Mystery 3: what is the cigarette pricing mechanism?

The mystery of the cigarette pricing mechanism in China lies in the cigarette price formulation process. Under the current cigarette pricing process, the allocation price set by the STMA plays a pivotal role. It not only serves as a base for the tax rate and it also serves as a basis for setting wholesale price and retail price. The STMA also sets the profit margins for cigarette wholesalers (between allocation price and wholesale price, ie, the allocation–wholesale profit margin) and for retailers (between wholesale price and retail price, ie, the wholesale–retail profit margin). Given the allocation price, wholesale price is decided by adding the allocation–wholesale profit margin. Retail price is determined by adding the wholesale–retail profit margin to wholesale price. This pricing process implies that cigarette retail prices are under the control of the STMA because it can modify the cigarette allocation price and profit margins.

These profit margins figures are available to the public. Table 1 shows the allocation–wholesale profit margin and the wholesale–retail profit margin. The allocation–wholesale margin ranges between 15% and 34%. The wholesale–retail profit margin also is set by the STMA providing a limited range for retailers to follow (eg, between 10% and 15%). Table 1 shows that there is a direct link among allocation price, wholesale price and retail price for different classes of cigarettes.

Table 1

Cigarette profit margins

Mystery 4: are the profit margins declared by the STMA the real margins?

Even though data on all cigarette retail price/wholesale price and profit margins for different brand categories are available to the public, people still cannot figure out the cigarette allocation price correctly using such information. Thus, the calculation of cigarette allocation prices is another mystery surrounding the tobacco industry in China. As a matter of fact, the officially announced allocation–wholesale profit margins (regulated profit margins) are not the actual margins. That discrepancy can explain why the tobacco monopoly keeps allocation prices an industry secret.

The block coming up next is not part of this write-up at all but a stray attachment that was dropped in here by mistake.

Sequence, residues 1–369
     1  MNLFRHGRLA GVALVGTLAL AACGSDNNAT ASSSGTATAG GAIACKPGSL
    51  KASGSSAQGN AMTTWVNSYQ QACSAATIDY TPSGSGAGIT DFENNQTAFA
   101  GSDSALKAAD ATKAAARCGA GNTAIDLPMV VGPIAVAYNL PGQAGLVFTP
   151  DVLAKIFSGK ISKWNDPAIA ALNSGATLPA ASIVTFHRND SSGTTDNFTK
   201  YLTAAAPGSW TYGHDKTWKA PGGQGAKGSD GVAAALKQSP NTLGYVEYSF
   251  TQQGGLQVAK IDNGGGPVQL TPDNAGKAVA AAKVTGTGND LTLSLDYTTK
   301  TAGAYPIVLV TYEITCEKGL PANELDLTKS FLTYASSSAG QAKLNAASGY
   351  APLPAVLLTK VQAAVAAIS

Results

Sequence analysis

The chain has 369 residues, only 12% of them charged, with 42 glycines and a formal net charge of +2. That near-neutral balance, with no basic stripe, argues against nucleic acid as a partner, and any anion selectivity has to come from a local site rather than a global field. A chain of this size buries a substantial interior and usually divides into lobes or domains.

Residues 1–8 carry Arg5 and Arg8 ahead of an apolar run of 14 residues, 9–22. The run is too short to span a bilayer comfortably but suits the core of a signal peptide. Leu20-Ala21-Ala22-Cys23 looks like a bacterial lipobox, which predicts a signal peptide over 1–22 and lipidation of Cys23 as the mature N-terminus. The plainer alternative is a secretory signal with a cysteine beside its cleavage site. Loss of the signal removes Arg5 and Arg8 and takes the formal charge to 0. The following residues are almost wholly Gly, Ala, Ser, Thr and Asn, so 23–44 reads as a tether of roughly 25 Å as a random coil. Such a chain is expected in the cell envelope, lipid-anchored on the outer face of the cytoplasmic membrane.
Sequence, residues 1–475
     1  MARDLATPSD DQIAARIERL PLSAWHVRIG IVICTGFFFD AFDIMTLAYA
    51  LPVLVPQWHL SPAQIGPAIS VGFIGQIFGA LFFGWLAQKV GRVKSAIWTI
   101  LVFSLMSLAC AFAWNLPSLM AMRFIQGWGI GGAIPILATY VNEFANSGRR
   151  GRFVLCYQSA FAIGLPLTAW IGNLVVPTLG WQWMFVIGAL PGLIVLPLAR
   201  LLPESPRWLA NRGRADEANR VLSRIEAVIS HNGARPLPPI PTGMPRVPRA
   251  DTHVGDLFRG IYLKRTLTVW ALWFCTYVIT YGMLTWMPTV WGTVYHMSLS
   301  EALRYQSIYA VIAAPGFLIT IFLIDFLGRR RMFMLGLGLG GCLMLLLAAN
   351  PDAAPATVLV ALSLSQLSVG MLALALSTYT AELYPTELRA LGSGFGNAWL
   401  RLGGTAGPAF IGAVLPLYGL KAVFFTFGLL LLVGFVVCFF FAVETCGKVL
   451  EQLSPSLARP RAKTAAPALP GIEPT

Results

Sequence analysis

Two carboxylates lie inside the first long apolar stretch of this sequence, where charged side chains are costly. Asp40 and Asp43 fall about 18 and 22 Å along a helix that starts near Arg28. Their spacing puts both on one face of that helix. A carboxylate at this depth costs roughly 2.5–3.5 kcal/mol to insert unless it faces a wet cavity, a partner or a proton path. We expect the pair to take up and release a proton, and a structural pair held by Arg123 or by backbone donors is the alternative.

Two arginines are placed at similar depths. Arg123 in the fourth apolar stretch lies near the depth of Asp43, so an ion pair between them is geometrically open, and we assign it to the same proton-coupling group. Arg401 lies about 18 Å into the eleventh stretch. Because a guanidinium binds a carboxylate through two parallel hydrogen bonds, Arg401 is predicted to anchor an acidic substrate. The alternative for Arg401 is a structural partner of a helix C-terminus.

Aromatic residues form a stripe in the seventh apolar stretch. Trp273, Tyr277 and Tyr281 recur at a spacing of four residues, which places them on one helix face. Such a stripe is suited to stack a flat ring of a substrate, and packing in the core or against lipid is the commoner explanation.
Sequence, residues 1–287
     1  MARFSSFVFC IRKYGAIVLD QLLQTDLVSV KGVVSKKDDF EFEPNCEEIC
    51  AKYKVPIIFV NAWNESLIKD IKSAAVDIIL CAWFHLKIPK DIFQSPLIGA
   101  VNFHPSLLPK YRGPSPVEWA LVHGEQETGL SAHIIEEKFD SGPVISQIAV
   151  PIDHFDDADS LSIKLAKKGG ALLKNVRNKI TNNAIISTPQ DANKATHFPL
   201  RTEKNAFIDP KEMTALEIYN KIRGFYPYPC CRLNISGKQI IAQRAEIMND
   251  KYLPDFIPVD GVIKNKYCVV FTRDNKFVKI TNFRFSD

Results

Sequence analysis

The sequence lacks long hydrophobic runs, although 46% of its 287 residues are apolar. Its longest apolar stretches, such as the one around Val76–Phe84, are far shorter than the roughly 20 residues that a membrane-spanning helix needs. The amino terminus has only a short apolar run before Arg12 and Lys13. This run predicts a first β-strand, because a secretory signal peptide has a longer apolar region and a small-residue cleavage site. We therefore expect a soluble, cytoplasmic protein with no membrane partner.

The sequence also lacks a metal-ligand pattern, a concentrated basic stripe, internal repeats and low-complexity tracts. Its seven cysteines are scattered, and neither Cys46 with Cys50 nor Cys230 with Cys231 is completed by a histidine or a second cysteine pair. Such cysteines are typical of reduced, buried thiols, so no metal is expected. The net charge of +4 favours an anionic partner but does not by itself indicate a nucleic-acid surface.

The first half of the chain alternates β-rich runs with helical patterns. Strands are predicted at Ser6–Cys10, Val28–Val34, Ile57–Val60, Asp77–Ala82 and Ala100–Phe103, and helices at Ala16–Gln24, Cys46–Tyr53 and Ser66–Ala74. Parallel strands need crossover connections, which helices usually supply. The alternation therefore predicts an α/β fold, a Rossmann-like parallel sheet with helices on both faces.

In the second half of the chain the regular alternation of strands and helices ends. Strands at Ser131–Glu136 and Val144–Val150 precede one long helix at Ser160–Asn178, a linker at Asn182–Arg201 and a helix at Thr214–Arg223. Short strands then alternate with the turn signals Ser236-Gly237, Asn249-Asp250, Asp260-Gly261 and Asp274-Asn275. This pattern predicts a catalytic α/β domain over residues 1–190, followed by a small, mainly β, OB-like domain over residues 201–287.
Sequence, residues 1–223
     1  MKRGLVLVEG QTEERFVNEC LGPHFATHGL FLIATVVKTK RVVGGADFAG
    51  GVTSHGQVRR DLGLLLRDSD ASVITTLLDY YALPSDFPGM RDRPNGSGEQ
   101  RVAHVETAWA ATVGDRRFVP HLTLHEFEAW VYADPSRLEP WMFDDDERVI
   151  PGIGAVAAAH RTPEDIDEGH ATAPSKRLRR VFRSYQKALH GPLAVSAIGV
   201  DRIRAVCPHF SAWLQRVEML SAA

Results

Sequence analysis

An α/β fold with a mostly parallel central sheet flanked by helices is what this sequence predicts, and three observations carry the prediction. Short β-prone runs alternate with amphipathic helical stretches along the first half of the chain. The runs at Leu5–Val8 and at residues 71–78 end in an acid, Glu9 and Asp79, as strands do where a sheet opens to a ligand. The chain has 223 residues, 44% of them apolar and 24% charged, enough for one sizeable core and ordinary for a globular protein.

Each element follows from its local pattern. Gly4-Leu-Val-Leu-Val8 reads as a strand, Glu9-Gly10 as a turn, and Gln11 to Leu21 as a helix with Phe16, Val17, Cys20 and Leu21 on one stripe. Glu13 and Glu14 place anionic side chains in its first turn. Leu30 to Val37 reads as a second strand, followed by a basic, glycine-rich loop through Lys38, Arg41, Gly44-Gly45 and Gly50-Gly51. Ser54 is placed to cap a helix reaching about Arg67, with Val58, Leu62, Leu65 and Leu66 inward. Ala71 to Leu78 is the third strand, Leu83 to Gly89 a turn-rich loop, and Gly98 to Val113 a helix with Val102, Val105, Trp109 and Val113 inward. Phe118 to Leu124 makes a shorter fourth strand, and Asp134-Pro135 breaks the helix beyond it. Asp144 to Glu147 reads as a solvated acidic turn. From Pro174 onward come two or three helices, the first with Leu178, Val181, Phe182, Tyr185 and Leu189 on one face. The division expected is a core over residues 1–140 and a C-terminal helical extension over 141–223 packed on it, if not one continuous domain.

Using a set of unpublished government data provided by a provincial STMA bureau, we recalculated the margins and came up with the surprising finding shown below for the actual profit margins.

Actual profit margin(a')=Regulated profit margin(a)1Regulated profit margin(a) (1)

This equation shows that the actual allocation–wholesale profit margin increases along with the increased regulated profit margin. The recalculated margins are shown in table 2. They show the true story about the profits from different classifications of cigarettes in China. We now understand why most cigarette producers are willing to produce high-priced (premium) cigarettes, which make much higher profits. These data reveal a different reality behind one of the mysteries of the Chinese tobacco industry.

Table 2

Cigarette profit margins (regulated vs actual)